Melbourne, Brevard County’s other major water supplier, urged customers to only use water for basic health and hygiene or potential boil notices would be needed.

As crews continue to find breaks and test system integrity, customers may see pressure fluctuations, which is normal,” city officials said.

The Hutchersons aren’t complaining. They know Irma’s wrath could have been way worse.

“Yeah, it’s not fun, but we can hardly complain,” Jeremy Hutcherson said, standing next to his bent pool screen frame. “We survived it. We didn’t lose our house. We’ve got water back this morning.” 

Contact Waymer at 321-242-3663 or Follow him on Twitter@JWayEnviro and at Rick Neale contributed to this story.

Can you use your dishwasher?

  • Cryptosporidium on equipment/utensils/tableware may be disinfected using dishwashing machines that have a dry cycle or a final rinse that exceeds 113°F for 20 minutes or 122°F for 5 minutes or 162°F for 1 minute.

Source: Centers for Disease Control and Prevention

What are the do’s and don’ts during and after a boil water notice? Visit:


Need water?

The City of Cocoa in coordination through the State of Florida has arranged for the Florida Army National Guard to provide four bottled water distribution points today (Sept. 13) for customers affected by the loss of water pressure from Hurricane Irma.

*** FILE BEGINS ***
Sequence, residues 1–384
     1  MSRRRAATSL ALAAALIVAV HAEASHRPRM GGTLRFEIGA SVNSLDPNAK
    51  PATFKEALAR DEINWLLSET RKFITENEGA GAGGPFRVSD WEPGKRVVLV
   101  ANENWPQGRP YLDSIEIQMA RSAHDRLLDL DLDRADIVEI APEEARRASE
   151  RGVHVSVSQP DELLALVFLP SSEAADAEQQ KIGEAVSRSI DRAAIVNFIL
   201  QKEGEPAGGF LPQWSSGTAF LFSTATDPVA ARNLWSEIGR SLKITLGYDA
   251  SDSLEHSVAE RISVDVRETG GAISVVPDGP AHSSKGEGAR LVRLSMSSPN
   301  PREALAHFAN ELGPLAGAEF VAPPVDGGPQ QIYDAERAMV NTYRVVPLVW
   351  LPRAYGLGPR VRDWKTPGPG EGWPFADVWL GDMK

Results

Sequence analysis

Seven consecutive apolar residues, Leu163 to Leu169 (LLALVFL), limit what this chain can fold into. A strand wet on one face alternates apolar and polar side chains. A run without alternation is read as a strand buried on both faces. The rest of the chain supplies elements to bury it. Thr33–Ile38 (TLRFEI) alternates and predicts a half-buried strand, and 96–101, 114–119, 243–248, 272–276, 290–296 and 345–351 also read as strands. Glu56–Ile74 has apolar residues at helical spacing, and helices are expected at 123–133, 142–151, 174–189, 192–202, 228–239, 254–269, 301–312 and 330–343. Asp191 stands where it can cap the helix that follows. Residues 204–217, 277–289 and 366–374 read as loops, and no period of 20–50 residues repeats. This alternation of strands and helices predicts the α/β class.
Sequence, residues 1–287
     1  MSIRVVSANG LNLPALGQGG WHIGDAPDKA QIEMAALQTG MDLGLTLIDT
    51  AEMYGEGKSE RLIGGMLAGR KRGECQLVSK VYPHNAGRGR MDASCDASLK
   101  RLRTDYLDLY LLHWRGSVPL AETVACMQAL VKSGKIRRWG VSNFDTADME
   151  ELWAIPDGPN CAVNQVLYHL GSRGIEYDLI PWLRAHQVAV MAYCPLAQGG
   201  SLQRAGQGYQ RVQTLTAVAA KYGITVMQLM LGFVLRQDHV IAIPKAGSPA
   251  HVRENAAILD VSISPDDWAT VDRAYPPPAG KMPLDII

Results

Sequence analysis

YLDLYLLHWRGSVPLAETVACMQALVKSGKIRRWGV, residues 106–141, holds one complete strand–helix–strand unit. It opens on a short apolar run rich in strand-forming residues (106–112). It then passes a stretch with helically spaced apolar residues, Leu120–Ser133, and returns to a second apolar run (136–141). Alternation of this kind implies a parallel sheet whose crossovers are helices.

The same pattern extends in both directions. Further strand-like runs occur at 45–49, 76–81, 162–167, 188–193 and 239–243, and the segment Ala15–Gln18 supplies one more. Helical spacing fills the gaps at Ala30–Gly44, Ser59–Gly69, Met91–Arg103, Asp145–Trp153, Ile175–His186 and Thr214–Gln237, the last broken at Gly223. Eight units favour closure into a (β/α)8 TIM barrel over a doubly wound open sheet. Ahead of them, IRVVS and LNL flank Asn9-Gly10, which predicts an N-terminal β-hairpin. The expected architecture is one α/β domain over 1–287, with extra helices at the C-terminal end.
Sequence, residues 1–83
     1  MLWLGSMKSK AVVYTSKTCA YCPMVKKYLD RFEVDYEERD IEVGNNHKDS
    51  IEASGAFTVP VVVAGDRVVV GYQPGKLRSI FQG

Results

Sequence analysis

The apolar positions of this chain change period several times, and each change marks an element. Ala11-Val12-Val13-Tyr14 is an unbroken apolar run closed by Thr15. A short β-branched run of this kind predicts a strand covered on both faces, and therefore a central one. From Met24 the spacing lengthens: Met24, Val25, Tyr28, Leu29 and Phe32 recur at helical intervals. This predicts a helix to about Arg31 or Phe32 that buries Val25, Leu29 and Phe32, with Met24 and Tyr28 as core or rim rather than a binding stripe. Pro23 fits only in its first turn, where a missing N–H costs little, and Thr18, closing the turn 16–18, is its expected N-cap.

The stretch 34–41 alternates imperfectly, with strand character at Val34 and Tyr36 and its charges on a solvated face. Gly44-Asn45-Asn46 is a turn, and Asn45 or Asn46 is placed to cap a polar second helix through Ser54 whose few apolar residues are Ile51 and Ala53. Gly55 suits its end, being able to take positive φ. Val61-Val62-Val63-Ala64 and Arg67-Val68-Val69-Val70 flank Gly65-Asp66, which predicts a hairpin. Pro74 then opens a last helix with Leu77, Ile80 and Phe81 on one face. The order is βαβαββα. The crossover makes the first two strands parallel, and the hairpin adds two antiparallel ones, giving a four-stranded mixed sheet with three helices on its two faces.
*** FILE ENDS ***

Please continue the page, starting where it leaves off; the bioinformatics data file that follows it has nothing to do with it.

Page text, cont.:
The following sites will be providing bottled water (1 case per vehicle) beginning this morning from 7a.m. to 7 p.m until the supplies are depleted.

  • City of Cocoa, 801 Dixon Blvd., Cocoa, (Entrance South bound lane of U.S. 1);
  • Cocoa Beach, 1500 Minuteman Blvd., Cocoa Beach,  (Minuteman Causeway at A1A);
  • Cape Canaveral, 8550 Astronaut Blvd., Cape Canaveral, (Northbound lane of Astronaut Blvd.);
  •  Merritt Island, 785 East Merritt Island Causeway, Merritt Island, FL 32952 (South Sykes Creek Blvd.)

This is an effort to help provide bottled drinking water as the city works to restore water service. Even when water returns to your home, remember that the city’s system remains under a precautionary boil water alert for the entire water system.

For the latest updates, visit or our social media pages (@CityofCocoaGovernment on Facebook and @CityofCocoa on Twitter).